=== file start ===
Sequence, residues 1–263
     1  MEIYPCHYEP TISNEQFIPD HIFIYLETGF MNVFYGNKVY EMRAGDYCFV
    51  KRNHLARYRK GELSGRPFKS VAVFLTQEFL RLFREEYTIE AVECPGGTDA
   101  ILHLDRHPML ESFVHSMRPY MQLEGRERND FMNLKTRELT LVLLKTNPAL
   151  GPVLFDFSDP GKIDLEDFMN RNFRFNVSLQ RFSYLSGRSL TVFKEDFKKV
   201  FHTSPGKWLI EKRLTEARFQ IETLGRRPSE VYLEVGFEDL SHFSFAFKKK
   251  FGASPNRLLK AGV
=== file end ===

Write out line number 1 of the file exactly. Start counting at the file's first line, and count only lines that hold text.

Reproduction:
Sequence, residues 1–263